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How Expressive Arts Encourage and Promote the Power of Healing

September 30, 2020

As I was growing up I often assisted my aging grandmother and through that experience I somehow knew I would ultimately choose a career in science that would allow me to continue helping people. Still, I longed for a life that also incorporated the arts and always found artistic discipline to be a vehicle of self-expression, empowering us to reveal our hidden truths to ourselves and the world.

Creative Connections
While pursuing a career as a family nurse practitioner, I continued to create deeply personal art and I aspired to show others the power that art has in healing. During a nursing conference, I presented a series of sculptures depicting psychiatrist Elisabeth Kübler-Ross’ theory on death and dying. I noticed a woman wandering the room and continually circling back to my display. When we had the opportunity to speak privately, she asked, “How did you know?” and shared that my sculptures spoke to her on a spiritual level. The woman further disclosed that she identified with each “face” that my sculptures were conveying — depression, anger, bargaining, and acceptance — and she divulged to me the tragic story of her husband’s death. For me, this moment exemplified the true power of expressive arts, and, in the connection that I shared with a complete stranger, the captivating effect of storytelling through something tangible.

An Education in Expressive Arts
In the 1990’s, there was limited research on art as a healing modality, so I began connecting with others in the field. In 2002, on the journey to my doctoral degree, I earned a certificate as an Expressive Arts Facilitator. Facilitating expressive art workshops for more than 18 years has taught me to pay attention to:

  • My impressions, thoughts, and images: An introspective instruction, art is often a metaphor in which the artist holds the key to its understanding.
  • My particular choice of art: Each modality of art holds a specific value and significance. If I work with poetry, I can express myself through imagery. If I work with fibers, I can work out intricacies through the story I am weaving. Whatever the method, the best part about expressive art is that there is no wrong way to tell your story.
  • Our collective everyday experience: This taught me to be present, to embrace life, and to engage with the people I encounter every day.
  • Healthcare facilities that incorporate the use of the arts: Innovative hospitals integrate rotating galleries on their walls and utilize the skills of visual artists, musicians, dancers, and storytellers to engage patients, staff, and the public.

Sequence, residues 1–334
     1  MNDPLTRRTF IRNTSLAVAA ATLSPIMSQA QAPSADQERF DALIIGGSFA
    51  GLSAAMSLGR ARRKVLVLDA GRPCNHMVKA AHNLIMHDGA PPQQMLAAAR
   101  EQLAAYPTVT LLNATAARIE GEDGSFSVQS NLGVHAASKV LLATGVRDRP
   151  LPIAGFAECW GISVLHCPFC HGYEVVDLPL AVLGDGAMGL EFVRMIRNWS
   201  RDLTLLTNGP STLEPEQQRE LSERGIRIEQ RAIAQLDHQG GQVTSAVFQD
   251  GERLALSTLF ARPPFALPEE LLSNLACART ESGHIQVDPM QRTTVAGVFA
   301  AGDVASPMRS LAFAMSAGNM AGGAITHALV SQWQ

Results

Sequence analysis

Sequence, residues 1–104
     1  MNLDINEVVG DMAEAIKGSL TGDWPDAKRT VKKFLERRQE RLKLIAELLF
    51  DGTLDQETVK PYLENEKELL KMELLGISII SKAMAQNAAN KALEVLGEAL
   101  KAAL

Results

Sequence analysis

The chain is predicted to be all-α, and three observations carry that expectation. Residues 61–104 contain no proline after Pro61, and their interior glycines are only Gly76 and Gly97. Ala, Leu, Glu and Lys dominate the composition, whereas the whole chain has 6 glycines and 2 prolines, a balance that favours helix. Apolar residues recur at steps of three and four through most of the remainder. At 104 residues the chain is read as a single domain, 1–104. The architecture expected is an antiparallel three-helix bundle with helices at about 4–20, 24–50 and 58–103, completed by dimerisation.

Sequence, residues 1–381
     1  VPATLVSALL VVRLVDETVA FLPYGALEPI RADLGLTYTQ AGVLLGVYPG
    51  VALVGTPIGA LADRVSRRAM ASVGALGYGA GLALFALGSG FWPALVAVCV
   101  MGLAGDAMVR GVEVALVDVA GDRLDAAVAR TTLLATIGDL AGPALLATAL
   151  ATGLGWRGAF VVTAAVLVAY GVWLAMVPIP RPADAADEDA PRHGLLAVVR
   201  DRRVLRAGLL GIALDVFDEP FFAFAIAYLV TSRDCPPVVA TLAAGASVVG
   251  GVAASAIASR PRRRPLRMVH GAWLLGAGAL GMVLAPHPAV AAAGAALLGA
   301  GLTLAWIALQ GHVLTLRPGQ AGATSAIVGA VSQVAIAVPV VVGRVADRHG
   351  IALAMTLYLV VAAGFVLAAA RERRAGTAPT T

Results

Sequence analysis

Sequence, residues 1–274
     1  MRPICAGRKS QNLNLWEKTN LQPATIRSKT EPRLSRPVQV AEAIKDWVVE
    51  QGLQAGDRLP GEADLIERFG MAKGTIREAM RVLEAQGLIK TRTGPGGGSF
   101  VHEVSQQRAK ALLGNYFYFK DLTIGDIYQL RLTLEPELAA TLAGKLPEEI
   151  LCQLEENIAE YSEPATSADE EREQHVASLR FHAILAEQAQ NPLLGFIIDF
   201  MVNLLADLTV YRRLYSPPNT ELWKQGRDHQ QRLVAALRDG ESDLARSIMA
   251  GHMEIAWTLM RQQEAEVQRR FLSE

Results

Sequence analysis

• Expressive arts research: Pay attention to institutions like Goodwin University that focus on curricula that incorporate the Universal Design for Learning (UDL) framework, promoting art and other activities to instruct, inspire, and heal. The last decade has brought about quality research on the benefits of art. We now know that in some cases, art can reduce pain and symptoms associated with different diseases. We also know that art can improve mood, reduce depression and anxiety, and increase the overall quality of life.

I have had the honor of standing before people who were no strangers to hardship. They were pupils and patients with purpose: cancer and domestic violence survivors, HIV patients, incarcerated individuals, and those facing homelessness, addiction, and physical and mental illness. And I watched as producing art had a profound impact on them all.

Unless we are pursuing art as a career, most of us stop “playing” with art before we reach adolescence. What a pleasant surprise to discover, as adults, how enjoyable and therapeutic self-expression can be! In a community setting, many find the arts a unifying activity that reveals commonalities unknown before participating in the art workshops. Through expressive art, people can capture the otherwise unspeakable, exposing bits and pieces of themselves at their choosing. When we engage in outward expression, we show our inner selves, as if to proudly say, “I am here, and this is me.”

Christina Nieves DNP, APRN, FNP-BC educates and encourages evidence-based expression as a means to mend. As a visual/performing artist and nurse, Christina appreciates that the nursing field allows students to bring their interests into the profession. Christina has worked in nursing education for more than 20 years as a director, program developer, and instructor in online, on-campus, and clinical capacities in undergraduate and graduate levels. An author, award recipient, judge, and peer-reviewer; Christina attests that Goodwin University’s dedicated nursing faculty and their commitment to students are exceptional, and she is honored to be the program director for Goodwin’s BSN, MSN, and Family Nurse Practitioner programs. Do you want to know more about art as a modality to heal? She’d love to hear from you.
 
Call today: 800.889.3282 or learn more at: www.goodwin.edu/fnp.

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